National Post (Latest Edition)

Let’s see how silly baseball’s new playoffs can get

Wild Card round renders season meaningles­s

- SCOTT STINSON Postmedia News

It is time for some full disclosure: I have a rooting interest in the Major League Baseball playoffs that begin Tuesday.

It’s not that I’m rooting for any particular team, or against one. I’m rooting for chaos. Madness and upsets. I want to see the big-market, big- money juggernaut that is the Los Angeles Dodgers, who won 70 per cent of their games this season, turned aside in two quick games by a Milwaukee Brewers side that never once made it to the .500 mark.

I want Daniel Vogelbach, shaped like a fire hydrant, who was dumped by Seattle midseason and spent a glorious two weeks with the Toronto Blue Jays before he was waived and picked up by the Brewers, to smash game- winning homers off Clayton Kershaw.

I want the Reds and Marlins to win, and the Yankees to be done by Thursday and maybe even the Astros, after slumbering through a 60- game schedule in which they really didn’t seem to want to be there, to suddenly remember that they are good at baseball and go on a tear that would give MLB commission­er Rob Manfred fits.

I want the next week to be utterly ridiculous. And then I want Manfred and MLB to admit the folly of this playoff format and fire it, metaphoric­ally, into the sun. Or the sea. Just as long as it is dead.

When the plans for the 2020 season were madly thrown together in the spring, it wasn’t worth getting too fussed about the specifics. Sure, 16 playoff teams was a hilariousl­y big number in a sport that, not that long ago, used to have 25 per cent as many post-season entrants. But MLB was already twisting itself in such knots to have any baseball at all in 2020 — playing barely a third of a full schedule, introducin­g seven- inning doublehead­ers, putting runners on base in extra innings — that the expanded playoffs were just another goofy element to this goofiest of seasons.

But almost immediatel­y came word there is serious interest in having an expanded playoff field even if and when baseball’s regular season goes back to normal. It is, and this is saying something in a sport that has had a deeply embarrassi­ng cheating scandal and cannot seem to control the aerodynami­c properties of its balls, a spectacula­rly dumb idea. Which I suppose makes it more likely.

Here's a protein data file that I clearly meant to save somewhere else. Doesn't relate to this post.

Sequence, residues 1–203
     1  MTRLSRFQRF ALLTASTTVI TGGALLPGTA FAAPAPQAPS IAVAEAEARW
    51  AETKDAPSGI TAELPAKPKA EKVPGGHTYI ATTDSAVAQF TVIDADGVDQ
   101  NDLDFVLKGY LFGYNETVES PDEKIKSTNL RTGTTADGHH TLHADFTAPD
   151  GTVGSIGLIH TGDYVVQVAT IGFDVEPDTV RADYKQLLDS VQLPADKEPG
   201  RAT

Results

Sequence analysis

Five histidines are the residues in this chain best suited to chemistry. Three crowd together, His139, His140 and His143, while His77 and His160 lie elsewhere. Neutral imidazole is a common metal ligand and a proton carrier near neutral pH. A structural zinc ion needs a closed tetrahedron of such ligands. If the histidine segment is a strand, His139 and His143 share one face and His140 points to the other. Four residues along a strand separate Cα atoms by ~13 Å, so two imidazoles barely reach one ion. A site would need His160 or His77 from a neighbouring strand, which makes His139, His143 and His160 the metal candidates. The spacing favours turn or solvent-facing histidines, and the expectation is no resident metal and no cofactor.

Last winter, I proposed killing the playoffs in baseball and other leagues. It was obviously never going to happen, but the point was that leagues had morphed into sports with a long and mostly meaningles­s regular season, followed by games that were finally important. This argument of mine won such favour that leagues across the continent are doing the opposite.

The NHL expanded its playoffs for 2020 and may continue the larger format. The NBA added a play- in game wrinkle, and the NFL added an extra wild- card team in each conference. But it is baseball where the playoff expansion was the biggest — and the silliest.

The playoff field went from 10 to 16 teams, and more significan­tly the Wild Card games were replaced by a whole Wild Card Series — all 16 teams, each involved in a best-of-three series. The Dodgers and Tampa Bay Rays, each comfortabl­y the best team in their respective leagues, get zero benefit from that accomplish­ment. Each will play in a best- ofthree tightrope act, just as they would have done if they squeaked in as the last wildcard team.

Again, there’s little point in bemoaning the fairness of this since the sample size of a 60- game, heavily unbalanced schedule was so small and meaningles­s, but having something like the Wild Card Round at the end of a normal season would be bizarre. Had this season’s win percentage­s applied to a 162- game schedule, the 115- win Dodgers would be about to play the 78- win Brewers, and would be out of the playoffs if they lost twice. The 108- win Rays would be about to play the 85- win Jays, with the same stakes.

Playoff baseball is already notoriousl­y fickle, with games that swing on the tiniest of margins, so there would be little incentive for franchises to invest in building a deep and talented roster if all that would get you is the possibilit­y of a two-day playoff run that ends at the hands of a plucky upstart with a hot starter or a dangerous bullpen. What’s the point of winning 110 games and punching your ticket to the Coin Flip Round?

So, let’s do this. A Brewers-astros World Series, and we can agree to never speak of these playoffs, and this format, ever again.

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